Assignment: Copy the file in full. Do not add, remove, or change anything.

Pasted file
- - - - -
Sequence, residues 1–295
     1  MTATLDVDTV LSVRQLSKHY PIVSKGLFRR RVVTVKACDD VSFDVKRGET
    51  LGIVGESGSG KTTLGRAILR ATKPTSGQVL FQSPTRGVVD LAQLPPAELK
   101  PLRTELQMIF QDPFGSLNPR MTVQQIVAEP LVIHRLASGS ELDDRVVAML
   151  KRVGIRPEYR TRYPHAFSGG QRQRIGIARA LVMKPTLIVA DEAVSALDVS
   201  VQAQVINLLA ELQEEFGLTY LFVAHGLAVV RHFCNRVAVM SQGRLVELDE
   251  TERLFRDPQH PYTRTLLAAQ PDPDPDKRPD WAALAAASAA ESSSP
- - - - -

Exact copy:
Sequence, residues 1–295
     1  MTATLDVDTV LSVRQLSKHY PIVSKGLFRR RVVTVKACDD VSFDVKRGET
    51  LGIVGESGSG KTTLGRAILR ATKPTSGQVL FQSPTRGVVD LAQLPPAELK
   101  PLRTELQMIF QDPFGSLNPR MTVQQIVAEP LVIHRLASGS ELDDRVVAML
   151  KRVGIRPEYR TRYPHAFSGG QRQRIGIARA LVMKPTLIVA DEAVSALDVS
   201  VQAQVINLLA ELQEEFGLTY LFVAHGLAVV RHFCNRVAVM SQGRLVELDE
   251  TERLFRDPQH PYTRTLLAAQ PDPDPDKRPD WAALAAASAA ESSSP